One of London’s most dangerous junctions for cyclists is to get a £12.6 million makeover to make it safer for vulnerable road users, as one of a number of locations throughout the capital that will share £53 million in funding announced today under the Liveable Neighbourhoods programme.
Mayor of London Sadiq Khan and Transport for London (TfL) will provide £9.5 million to redevelop the Holborn gyratory, with the balance made up by the London Borough of Camden.
Six cyclists and four pedestrians have lost their lives in the area in the past decade, the most recent being Dr Peter Fisher, a physician to the Queen, which led to the London Cycling Campaign holding a vigil there to call for the junction to be made safe following his death last August.
In October, the National Funeral for the Unknown Cyclist and Pedal on UK Parliament organised by the campaign group Stop Killing Cyclists assembled at nearby Russel Square and passed through Holborn on its way to Westminster.
But despite the high number of people killed or seriously injured in the vicinity, high levels of air pollution and the fact that the area sees 1,000 cyclists past through it at peak hours travelling east-west or vice-versa, it has never been included in TfL’s Better Junctions programme.
Features of the programme announced today include:
Installing segregated cycle lanes along High Holborn and Theobalds Road
Making Bloomsbury Way bus and cycle only, in both directions
Facilitating the Holborn Station upgrade by closing the southern end of Procter Street to motor vehicles
Improving the setting for the British Museum by pedestrianising Great Russell Street
Creating a traffic free stretch of New Oxford Street between Museum Street and High Holborn
Installing a series of modal filters on local roads, building on current schemes recently implemented by Camden
Developing a freight reduction scheme in partnership with BeeMidtown [the local business improvement district].
Among the other 10 schemes announced today, full details of which can be found at the end of this article – are projects in Bow, Brixton, the City of London, Croydon Old Town, Enfield Town and South Bermondsey.
Recent TfL research has highlighted the economic benefits of walking and cycling in local areas, with infrastructure improvements such as new cycle routes leading to increased retail spending of up to 30 per cent.
Mayor of London, Sadiq Khan, said: “For too long streets around London have been designed solely around cars and motor traffic. Our £50 million investment will transform neighbourhoods and local town centres in inner and outer London, making them cleaner, greener and more pleasant places to spend time.
“Working with these boroughs to make our streets more welcoming for walking and cycling is vital for our health and wellbeing, but also essential for the future vibrancy and success of London’s local high streets.”
Fran Graham, campaigns co-ordinator at London Cycling Campaign, commented: “These bold proposals to make greener, healthier neighbourhoods, where far more journeys can be walked and cycled, and where car use is reduced are great news.
“They come as a result of Mayor Sadiq Khan’s promise to London Cycling Campaign’s ‘Sign for Cycling’ campaign, to provide funding for such schemes in every borough.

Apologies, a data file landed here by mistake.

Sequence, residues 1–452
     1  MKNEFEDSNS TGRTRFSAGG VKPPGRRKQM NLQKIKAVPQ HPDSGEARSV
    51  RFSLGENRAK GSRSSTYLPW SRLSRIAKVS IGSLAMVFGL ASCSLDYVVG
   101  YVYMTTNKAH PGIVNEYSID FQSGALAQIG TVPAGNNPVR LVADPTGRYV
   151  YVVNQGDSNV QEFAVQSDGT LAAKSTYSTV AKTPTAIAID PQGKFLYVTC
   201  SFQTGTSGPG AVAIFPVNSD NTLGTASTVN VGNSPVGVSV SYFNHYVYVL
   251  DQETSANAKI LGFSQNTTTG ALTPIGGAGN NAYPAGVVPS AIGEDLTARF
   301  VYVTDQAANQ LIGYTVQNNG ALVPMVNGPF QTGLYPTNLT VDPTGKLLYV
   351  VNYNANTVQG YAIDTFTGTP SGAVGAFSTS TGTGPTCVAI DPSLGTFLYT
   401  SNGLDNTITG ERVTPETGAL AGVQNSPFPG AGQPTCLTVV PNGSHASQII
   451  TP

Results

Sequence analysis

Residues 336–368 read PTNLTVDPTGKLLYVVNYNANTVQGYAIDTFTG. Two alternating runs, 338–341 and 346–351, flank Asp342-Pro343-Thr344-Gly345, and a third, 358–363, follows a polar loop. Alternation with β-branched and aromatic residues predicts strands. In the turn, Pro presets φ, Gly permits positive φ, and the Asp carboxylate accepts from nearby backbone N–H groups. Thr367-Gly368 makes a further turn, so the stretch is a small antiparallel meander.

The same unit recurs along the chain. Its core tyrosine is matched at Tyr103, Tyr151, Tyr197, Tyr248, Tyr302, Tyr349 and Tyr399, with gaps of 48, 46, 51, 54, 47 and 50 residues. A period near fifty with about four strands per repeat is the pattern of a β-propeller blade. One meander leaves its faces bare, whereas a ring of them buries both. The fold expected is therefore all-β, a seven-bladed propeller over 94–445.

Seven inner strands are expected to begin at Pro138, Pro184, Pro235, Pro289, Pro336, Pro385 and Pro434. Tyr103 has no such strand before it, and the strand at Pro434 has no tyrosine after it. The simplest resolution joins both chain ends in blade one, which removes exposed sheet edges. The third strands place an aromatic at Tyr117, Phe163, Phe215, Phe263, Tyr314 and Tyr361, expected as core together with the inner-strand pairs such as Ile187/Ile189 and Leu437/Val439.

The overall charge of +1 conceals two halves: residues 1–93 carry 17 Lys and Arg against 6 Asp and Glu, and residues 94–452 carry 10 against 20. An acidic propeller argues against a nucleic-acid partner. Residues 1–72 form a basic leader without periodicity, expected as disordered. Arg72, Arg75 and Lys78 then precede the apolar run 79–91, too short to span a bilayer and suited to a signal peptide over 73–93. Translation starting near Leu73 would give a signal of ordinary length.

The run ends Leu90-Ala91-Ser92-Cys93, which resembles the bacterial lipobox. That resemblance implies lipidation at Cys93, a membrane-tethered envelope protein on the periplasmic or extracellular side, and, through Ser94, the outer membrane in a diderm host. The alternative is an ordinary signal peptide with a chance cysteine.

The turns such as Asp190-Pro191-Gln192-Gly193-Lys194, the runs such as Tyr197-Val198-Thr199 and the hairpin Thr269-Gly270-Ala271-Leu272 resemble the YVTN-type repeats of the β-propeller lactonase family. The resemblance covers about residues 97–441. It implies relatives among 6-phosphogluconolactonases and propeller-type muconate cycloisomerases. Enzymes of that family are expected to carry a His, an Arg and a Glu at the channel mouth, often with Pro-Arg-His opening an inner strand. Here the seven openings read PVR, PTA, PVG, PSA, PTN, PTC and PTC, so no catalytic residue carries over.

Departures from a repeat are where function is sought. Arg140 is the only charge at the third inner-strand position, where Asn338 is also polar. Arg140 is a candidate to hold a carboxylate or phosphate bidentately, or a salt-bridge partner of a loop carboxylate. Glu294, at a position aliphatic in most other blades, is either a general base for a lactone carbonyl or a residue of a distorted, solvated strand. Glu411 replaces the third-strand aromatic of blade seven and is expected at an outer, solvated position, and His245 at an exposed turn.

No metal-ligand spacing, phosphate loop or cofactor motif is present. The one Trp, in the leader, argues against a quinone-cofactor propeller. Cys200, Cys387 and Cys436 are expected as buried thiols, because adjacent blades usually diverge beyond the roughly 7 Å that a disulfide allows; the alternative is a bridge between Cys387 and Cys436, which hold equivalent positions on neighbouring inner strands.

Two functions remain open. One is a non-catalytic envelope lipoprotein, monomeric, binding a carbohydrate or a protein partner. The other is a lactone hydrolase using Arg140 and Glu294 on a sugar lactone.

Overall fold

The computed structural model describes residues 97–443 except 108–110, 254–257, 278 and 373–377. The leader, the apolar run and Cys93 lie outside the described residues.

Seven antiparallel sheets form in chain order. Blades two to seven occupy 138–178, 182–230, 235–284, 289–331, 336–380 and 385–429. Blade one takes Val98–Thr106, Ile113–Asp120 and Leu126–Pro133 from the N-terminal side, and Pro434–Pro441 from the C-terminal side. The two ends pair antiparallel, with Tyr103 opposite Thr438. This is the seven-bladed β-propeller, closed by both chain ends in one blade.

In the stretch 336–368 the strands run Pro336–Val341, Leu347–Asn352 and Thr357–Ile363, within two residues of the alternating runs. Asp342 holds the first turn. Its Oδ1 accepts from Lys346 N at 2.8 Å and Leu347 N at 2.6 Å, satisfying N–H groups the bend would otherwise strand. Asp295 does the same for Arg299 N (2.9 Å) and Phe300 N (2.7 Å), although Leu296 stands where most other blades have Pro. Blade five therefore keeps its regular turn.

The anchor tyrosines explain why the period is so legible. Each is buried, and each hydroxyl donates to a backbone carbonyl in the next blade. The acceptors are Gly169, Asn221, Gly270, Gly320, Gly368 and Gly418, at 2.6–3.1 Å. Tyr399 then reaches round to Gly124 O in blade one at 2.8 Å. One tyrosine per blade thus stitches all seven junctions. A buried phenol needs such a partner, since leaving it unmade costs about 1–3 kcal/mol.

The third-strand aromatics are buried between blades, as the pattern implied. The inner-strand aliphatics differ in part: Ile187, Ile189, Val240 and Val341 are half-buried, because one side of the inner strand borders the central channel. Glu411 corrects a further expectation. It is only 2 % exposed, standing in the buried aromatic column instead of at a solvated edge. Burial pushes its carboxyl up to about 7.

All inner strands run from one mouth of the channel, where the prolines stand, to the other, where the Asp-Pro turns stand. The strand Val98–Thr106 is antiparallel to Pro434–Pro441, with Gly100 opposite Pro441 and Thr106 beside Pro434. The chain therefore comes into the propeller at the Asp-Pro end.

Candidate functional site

“We look forward to working with the new Liveable Neighbourhoods boroughs to turn their plans into a reality and to help the remaining boroughs without funding to bring forward suitably radical plans to improve their boroughs as well.”
On top of the £53 million allocated by TfL to the 11 schemes listed below, the individual boroughs will be contributing a combined total of almost £40 million, taking the total spend on the projects to in excess of £90 million. The following descriptions have been provided by TfL.
Shortlands, Bromley: This project will improve travel connections for pedestrians and cyclists to and past Shortlands station from the surrounding area with new protected cycle lanes on Bromley Road and Valley Road and new pedestrian crossings across the busy A222. New public spaces will be created around the Shortlands war memorial and Shortlands village centre along with pocket parks and improvements for walking throughout the scheme area, thereby improving the sense of ‘place’. Station Road will be significantly improved for pedestrians crossing with the introduction of a new ‘pocket park’ and a new ‘cycle hub’ will be constructed at Shortlands station. School Streets will make it easier for pupils to get to school without cars and three low traffic neighbourhoods will be created, dramatically reducing the impact of traffic on residential streets.
Holborn, Camden: Holborn gyratory is one of London’s most intimidating junctions with high numbers of collisions, inadequate footway space and poor cycling facilities. This project will remove the gyratory and introduce protected cycle lanes along High Holborn and Theobalds Road. Sections of New Oxford Street and Great Russell Street will be closed to motor vehicles and a section of Bloomsbury Way will become bus and bike only. The setting for the British Museum will be improved by pedestrianising Great Russell Street and the pedestrian environment will be improved around Holborn station. A freight reduction scheme will be delivered in partnership with the local Business Improvement District.
Old Town, Croydon: Neighbourhoods in Croydon’s Old Town area, including Wandle Park and Minster Green, will see massive growth in the coming years, but are divided by the traffic-dominated Croydon Flyover. This project will reduce speeds on the flyover, reallocate road space to cycling and turn an unhealthy major road into a Healthy Boulevard with new green infrastructure, reducing severance between Croydon’s communities.